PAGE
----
The article, by Letepe Maisela, is titled Still tough going for women. It was an opinion piece on the overall performance of women in the CEO role and the title seems to imply sympathy for corporate women’s cause.  However, a closer examination shows that instead, it is a reinforcement of the prejudice women face in the business world.

The article chronicles the setbacks suffered by Ms Cynthia Carrol and Ms Pinky Moholi, who resigned as CEOs of Anglo American and Telkom respectively. Mr Maisela also outlines other “failures” of women leaders and poses a startling question: “Is South Africa and even the broader world out there ready for women leaders in the private sector and the government?”

He then states that “maybe in the quest to become politically correct, our South African male-dominated authorities have been pushing women prematurely into positions they are not attuned to, all in the spirit of gender parity.” In other words, he moots that these women were promoted to their roles solely because they were women and they were not qualified to fulfil the role requirements.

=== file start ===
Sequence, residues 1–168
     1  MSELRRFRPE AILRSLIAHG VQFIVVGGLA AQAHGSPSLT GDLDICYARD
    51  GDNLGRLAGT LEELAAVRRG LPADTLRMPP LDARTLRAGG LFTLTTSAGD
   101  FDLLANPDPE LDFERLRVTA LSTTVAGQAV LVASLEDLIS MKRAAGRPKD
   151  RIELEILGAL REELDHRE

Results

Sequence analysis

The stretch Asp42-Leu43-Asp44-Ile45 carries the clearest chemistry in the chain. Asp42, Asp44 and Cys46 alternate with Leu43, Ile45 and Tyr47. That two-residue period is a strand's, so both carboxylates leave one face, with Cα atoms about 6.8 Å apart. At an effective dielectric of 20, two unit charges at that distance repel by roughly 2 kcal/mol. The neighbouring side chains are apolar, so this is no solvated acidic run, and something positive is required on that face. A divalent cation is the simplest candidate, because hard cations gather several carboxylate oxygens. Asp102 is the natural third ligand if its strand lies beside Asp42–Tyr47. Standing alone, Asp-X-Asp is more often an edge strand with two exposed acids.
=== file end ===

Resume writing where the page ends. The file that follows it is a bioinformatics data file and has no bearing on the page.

These comments, made 18 years into our democracy, clearly demonstrate deep-seated prejudices about women in the corporate and public spheres, as well as in civil society. I venture to suggest that these prejudices have not disappeared in the intervening two years.

The resignations of Cynthia Carrol (Anglo American), Pinky Moholi (Telkom)  and Siza Mzimela  (SAA) are still used by those who never believed that women were qualified or suitable for high office to bolster their argument that “parachuting women into senior positions before they are ready is a recipe for disaster.”

Fair is fair

I am not for one moment arguing that women should not be held accountable for performance, neither am I arguing that a different standard of performance or capability is required for women. My gripe is that Mr Maisela and those who think like him focus on these leaders without undertaking a deeper analysis of their track records, experience, industry dynamics or possible challenges they faced in their roles. Their failure is not compared with the success or failure of others who came before them, who are in the same industries or who may be male, nor is it seen in the light of any analysis of their tenure in office. Their gender is singled out as the cause of their failure, which, such thinkers argue, could have been foretold..